How To Determine The Perfect Vacation Cash Stash

Travel can already be stressful, but with the added pressures of determining how much money to bring, vacation planning can get tricky. On top of the flight, hotel, any visa or tourism entrance fees, and incidentals, like travel accessories and clothing or specialty items needed for the trip, the financial investment of a single vacation can run some people into the thousands.

And then there’s the last remaining variable: spending money.

In late March, a TikTok user shared a now-deleted video about how a girls’ trip to Cozumel, Mexico, had gone awry over the amount of money someone had. The video and subsequent responses and thoughts on the issue sparked a debate over how much money people should bring on vacation, particularly the “minimum” amount viewed as acceptable.

But how much is actually enough? While there’s no specific minimum, there are several factors that can help you decide what’s most appropriate for you to bring. Here are four things to consider when determining how much money you’ll need for your next vacation.

The Where

The destination is the first thing to consider when determining a realistic budget. What is deemed “a lot of money” in one place could be “very little” in another, so the cost of living or visiting is essential when considering how much you’ll need.

For example, St. Barts is considered one of the world’s most expensive places to visit. Everything from hotel accommodations to meals is relatively costly compared to other destinations. According to Budget Your Trip, the average meal cost in St. Barts is around $60. If you plan a week-long visit, a safe bet for the dining tab alone is around $1200 per person.

On the other hand, the same week in Panama City, Panama, widely considered a pretty affordable place to travel, could cost significantly less. The average meal is around $21, so the same week might require around $450 for food.

While $1,000 might not be “too little” in St. Barts, the same $1,000 in Panama could be more than enough.

The Who

The “who” of the  trip is almost as important as the “where.” And though travelers aren’t advised to rely on anyone else’s money while vacationing, there is more wiggle room for help if the travel group is made up of close friends or family than it might be with a group of strangers.

Unfortunately, unforeseen incidents do happen on vacation, and travelers should be prepared financially whenever possible. However, a costly emergency happening on a trip with siblings might look different than one with casual acquaintances.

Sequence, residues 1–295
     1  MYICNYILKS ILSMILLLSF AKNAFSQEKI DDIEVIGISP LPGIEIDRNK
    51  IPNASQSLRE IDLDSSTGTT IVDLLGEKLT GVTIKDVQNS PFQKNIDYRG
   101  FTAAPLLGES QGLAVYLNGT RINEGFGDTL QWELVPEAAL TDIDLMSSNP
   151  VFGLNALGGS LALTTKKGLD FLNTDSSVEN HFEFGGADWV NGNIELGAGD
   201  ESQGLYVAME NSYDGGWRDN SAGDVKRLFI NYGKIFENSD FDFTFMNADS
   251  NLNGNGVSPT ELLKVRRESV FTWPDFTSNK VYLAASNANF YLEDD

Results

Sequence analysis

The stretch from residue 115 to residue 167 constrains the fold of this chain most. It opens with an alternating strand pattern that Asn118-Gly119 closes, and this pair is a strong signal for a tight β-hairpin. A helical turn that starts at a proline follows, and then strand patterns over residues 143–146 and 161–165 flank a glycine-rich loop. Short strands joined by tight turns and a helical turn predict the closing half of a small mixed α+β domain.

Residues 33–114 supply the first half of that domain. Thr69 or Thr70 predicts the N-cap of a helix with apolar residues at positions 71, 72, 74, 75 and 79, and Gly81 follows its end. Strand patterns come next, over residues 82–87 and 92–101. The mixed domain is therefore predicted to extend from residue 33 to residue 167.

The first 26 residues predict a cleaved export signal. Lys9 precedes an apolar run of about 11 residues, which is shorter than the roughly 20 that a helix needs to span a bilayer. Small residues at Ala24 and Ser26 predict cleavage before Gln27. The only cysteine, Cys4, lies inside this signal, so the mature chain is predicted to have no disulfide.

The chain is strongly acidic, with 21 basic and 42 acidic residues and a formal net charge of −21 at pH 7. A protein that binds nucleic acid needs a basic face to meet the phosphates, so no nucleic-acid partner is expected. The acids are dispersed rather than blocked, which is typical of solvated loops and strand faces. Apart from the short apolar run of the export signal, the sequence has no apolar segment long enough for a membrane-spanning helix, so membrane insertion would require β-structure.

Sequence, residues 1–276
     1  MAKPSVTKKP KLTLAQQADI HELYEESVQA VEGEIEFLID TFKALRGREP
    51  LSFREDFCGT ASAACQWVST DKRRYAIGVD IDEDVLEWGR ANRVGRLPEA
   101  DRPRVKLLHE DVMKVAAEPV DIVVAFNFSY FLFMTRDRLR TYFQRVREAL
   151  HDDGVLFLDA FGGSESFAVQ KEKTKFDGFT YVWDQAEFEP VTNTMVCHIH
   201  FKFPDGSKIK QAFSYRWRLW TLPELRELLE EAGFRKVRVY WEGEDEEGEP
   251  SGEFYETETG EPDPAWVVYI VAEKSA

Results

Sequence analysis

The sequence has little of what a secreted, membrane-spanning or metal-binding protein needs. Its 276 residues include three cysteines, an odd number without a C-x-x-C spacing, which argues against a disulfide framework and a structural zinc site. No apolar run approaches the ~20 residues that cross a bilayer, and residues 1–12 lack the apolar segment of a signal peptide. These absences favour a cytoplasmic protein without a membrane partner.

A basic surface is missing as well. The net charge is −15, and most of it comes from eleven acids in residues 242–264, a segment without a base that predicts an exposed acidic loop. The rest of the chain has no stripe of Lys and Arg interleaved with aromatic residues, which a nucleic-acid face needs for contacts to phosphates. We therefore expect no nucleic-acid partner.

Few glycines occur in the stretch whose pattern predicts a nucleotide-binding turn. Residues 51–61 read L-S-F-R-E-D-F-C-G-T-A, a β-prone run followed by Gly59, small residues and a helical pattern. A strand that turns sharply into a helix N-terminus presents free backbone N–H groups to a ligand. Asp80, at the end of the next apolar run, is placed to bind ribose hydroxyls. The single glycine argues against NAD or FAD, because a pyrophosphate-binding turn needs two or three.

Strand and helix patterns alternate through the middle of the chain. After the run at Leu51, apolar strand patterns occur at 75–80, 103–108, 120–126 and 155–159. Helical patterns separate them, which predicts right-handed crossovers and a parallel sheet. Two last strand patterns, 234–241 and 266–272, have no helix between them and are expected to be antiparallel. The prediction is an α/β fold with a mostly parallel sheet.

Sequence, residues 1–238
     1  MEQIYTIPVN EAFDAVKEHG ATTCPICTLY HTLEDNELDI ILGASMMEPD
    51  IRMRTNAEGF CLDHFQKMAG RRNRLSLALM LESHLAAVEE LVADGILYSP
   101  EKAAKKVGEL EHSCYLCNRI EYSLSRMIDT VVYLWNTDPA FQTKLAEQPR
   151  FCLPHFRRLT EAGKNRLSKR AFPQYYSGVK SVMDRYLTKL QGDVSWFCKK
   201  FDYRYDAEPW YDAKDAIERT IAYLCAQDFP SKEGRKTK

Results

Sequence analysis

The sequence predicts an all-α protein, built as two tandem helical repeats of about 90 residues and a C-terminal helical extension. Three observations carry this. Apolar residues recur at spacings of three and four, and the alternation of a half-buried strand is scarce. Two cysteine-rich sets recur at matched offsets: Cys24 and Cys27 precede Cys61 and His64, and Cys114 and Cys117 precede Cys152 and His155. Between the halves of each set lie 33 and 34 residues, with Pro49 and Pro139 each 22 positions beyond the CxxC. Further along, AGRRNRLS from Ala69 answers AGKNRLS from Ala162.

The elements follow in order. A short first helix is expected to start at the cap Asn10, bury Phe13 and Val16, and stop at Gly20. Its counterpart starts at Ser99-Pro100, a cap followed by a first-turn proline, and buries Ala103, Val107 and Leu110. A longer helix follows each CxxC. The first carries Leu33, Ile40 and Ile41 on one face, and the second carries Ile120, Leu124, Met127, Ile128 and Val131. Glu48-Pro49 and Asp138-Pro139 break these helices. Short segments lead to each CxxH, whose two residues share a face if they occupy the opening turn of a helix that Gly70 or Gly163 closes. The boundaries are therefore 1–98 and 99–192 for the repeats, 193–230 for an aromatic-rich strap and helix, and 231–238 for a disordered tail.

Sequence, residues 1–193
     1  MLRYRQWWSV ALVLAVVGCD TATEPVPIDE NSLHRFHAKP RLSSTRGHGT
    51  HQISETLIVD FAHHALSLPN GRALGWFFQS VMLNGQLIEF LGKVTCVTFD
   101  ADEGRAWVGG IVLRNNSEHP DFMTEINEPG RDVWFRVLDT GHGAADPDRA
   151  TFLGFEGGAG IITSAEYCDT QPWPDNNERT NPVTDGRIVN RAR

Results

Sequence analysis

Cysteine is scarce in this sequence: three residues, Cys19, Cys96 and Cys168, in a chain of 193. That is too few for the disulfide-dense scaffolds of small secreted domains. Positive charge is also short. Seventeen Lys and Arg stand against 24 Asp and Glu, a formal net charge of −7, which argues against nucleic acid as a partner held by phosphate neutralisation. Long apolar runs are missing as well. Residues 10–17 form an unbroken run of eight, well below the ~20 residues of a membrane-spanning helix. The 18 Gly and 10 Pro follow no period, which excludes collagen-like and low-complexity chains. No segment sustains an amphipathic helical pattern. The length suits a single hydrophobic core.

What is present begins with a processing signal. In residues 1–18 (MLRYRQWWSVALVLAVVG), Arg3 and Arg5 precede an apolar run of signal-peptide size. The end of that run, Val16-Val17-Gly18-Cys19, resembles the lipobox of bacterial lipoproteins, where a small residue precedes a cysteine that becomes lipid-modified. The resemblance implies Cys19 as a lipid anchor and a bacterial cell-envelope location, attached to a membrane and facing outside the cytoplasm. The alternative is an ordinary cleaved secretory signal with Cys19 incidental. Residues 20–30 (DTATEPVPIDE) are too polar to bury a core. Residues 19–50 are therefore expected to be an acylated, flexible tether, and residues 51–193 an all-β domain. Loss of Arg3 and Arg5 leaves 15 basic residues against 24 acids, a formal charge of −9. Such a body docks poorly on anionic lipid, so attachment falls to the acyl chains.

Let’s say someone loses their phone on the trip. A close friend is more likely to share their phone than someone who doesn’t know the person well as well.

And with family or close friends, you might be okay without a phone for a few days, so the financial need to replace your phone won’t be as urgent. However, that need will likely be a more dire issue if you’re traveling with strangers or people you don’t know as well. A loved one might even gift or lend the amount to replace it while a stranger isn’t likely to get involved.

Travelers should generally always prepare for trip-related incidents, but the financial costs might be more urgent depending on who you’re traveling with.

Prepaid Versus Book-on-Arrival

In the TikTok video about the Cozumel trip, an attendee mentioned that the group had planned to book their excursions on arrival rather than settle it beforehand, ahead of the trip. This is another important factor to consider when deciding how much is needed on vacation.

Double-check your itinerary for what has been booked and paid for in advance versus what will need to be paid upon arriving at the destination. This way, there are fewer surprises about how much money the trip really requires.

If all excursions are paid for in advance, that eliminates some of the cost burden during the trip itself.

It’s Personal

Personal habits and needs on vacations are also significant factors in deciding how much money you’ll need for an upcoming trip.

For example, some people are big shoppers when on vacation. Part of an ideal trip for them includes a visit to the nearest mall or retailer with the intention of buying things. If this is important to you, it might be helpful to factor it into your budget. On the other hand, if it’s not essential, that’s one less thing to plan for.

Also, consider your eating habits. Are you likely to eat three meals a day? Or just once? Do you frequent fine dining establishments or are you okay with more casual options? And think about what you’ll want to do or how you’ll want to get around. Will you utilize public transportation or ride shares? Or do you prefer private care hires?

Clarifying what you want to do and its cost is important when deciding how much money is most appropriate for you to bring.

All in all, the amount of money that’s best to bring on vacation is purely case-by-case. There’s no magic number and no one-size-fits-all amount. It depends on the destination, what will happen on the trip, and the individual habits and connections of the person or people going.